One of probate’s biggest downside is that it’s public — any interested party can find out what assets you owned and how they’re being distributed after your death. The public nature of probate can also draw unwanted attention from disgruntled family members who may challenge the disposition of your assets, as well as from unscrupulous parties. With the right estate planning strategies, you can keep much or even all of your estate out of probate.
What is Probate?
Probate is a legal procedure in which a court establishes the validity of your will, determines the value of your estate, resolves creditors’ claims, provides for the payment of taxes and other debts, and transfers assets to your heirs. Under certain circumstances is can be desirable. You might feel more comfortable having a court resolve issues involving your heirs and creditors. Another possible advantage is that probate places strict time limits on creditor claims and settles claims quickly.
Choose the Right Strategies
There are several ways you can avoid or minimize probate. (You’ll still need a will — and probate — to deal with guardianship of minor children, disposition of personal property and certain other matters.)
Your strategies depend on the size and complexity of your estate. The simplest ways to avoid probate involve designating beneficiaries or titling assets in a manner that allows them to be transferred directly to your beneficiaries outside your will. So be sure that you have appropriate, valid beneficiary designations for assets such as life insurance policies, annuities, and retirement plans.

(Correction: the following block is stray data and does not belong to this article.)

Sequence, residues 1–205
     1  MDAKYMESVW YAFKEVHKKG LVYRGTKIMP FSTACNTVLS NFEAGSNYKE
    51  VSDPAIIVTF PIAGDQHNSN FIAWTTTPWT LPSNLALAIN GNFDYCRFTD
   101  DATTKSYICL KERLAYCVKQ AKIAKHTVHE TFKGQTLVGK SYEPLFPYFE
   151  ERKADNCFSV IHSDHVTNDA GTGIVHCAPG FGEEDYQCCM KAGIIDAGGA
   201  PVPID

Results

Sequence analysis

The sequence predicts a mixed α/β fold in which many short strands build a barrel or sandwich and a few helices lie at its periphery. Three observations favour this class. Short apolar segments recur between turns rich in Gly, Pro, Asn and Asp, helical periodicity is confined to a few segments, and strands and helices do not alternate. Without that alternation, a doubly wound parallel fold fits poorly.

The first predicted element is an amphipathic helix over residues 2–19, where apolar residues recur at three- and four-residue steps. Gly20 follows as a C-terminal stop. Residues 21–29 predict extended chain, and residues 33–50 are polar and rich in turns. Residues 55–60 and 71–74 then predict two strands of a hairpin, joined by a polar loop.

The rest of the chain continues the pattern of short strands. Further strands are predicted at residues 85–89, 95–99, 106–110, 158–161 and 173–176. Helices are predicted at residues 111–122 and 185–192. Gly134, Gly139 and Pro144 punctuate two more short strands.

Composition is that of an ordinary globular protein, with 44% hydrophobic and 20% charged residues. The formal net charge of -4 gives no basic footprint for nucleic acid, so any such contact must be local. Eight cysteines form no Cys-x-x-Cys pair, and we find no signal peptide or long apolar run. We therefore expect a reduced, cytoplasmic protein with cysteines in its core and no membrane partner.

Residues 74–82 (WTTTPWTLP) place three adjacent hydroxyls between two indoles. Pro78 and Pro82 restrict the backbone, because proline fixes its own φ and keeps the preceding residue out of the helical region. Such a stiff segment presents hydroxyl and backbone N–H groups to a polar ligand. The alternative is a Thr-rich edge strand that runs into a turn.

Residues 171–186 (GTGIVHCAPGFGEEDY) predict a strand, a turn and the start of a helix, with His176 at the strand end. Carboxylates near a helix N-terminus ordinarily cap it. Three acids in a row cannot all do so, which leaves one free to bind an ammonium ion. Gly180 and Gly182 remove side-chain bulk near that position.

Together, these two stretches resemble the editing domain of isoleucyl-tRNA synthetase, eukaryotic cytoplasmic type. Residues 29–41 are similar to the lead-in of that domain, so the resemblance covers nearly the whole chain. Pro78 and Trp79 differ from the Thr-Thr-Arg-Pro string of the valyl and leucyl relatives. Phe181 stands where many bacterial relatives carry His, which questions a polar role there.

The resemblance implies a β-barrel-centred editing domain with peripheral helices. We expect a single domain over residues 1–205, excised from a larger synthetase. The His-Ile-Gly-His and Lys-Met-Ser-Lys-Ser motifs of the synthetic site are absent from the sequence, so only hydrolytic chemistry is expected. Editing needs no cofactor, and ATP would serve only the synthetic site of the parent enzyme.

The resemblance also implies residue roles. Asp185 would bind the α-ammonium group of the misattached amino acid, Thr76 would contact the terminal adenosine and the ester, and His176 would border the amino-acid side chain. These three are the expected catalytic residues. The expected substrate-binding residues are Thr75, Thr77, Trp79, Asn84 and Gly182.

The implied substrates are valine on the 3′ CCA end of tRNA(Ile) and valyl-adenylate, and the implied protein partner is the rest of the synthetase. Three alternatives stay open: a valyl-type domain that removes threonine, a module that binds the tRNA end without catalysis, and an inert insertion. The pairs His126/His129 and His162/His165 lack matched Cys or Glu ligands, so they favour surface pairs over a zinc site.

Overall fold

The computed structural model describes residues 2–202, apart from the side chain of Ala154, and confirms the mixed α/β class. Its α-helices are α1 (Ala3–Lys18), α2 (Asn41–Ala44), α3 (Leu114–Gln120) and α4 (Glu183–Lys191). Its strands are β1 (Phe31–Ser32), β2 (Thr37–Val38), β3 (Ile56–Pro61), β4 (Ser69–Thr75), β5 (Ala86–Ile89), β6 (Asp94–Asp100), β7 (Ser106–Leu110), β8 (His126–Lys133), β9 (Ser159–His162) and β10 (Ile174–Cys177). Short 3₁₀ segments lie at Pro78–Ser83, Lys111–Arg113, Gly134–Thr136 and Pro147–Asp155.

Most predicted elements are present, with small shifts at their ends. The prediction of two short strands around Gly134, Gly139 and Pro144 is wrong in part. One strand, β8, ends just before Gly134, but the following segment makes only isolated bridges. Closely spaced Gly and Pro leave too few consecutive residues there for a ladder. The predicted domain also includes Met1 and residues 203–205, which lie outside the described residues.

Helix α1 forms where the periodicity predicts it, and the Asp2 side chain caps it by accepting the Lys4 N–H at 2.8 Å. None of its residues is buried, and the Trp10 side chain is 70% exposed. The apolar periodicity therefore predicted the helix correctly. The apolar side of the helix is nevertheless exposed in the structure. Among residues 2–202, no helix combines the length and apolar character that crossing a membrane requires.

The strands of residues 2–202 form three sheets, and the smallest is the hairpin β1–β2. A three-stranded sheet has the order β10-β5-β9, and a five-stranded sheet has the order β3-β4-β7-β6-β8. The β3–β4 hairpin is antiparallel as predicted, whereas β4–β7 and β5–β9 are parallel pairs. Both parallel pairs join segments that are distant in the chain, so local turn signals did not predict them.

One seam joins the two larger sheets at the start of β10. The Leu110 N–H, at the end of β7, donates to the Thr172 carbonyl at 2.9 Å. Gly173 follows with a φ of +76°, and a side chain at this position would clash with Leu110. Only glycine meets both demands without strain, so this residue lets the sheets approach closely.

For assets such as bank and brokerage accounts, look into the availability of “pay on death” (POD) or “transfer on death” (TOD) designations, which allow these assets to avoid probate and pass directly to your designated beneficiaries. Keep in mind that while the POD or TOD designation is permitted in most states, not all financial institutions and firms make this option available.
For homes or other real estate — as well as bank and brokerage accounts and other assets — some people avoid probate by holding title with a spouse or child as “joint tenants with rights of survivorship” or as “tenants by the entirety.” Be aware that drawbacks exist for this technique.
If you have questions about probate or want to discuss your circumstances, contact me at SDitman@BerdonLLP.com or call your Berdon advisor.
Scott T. Ditman, a tax partner and Chair, Personal Wealth Services at Berdon LLP, advises high net worth individuals and family/owner-managed business clients on building, preserving, and transferring wealth, estate and income tax issues, and succession and financial planning.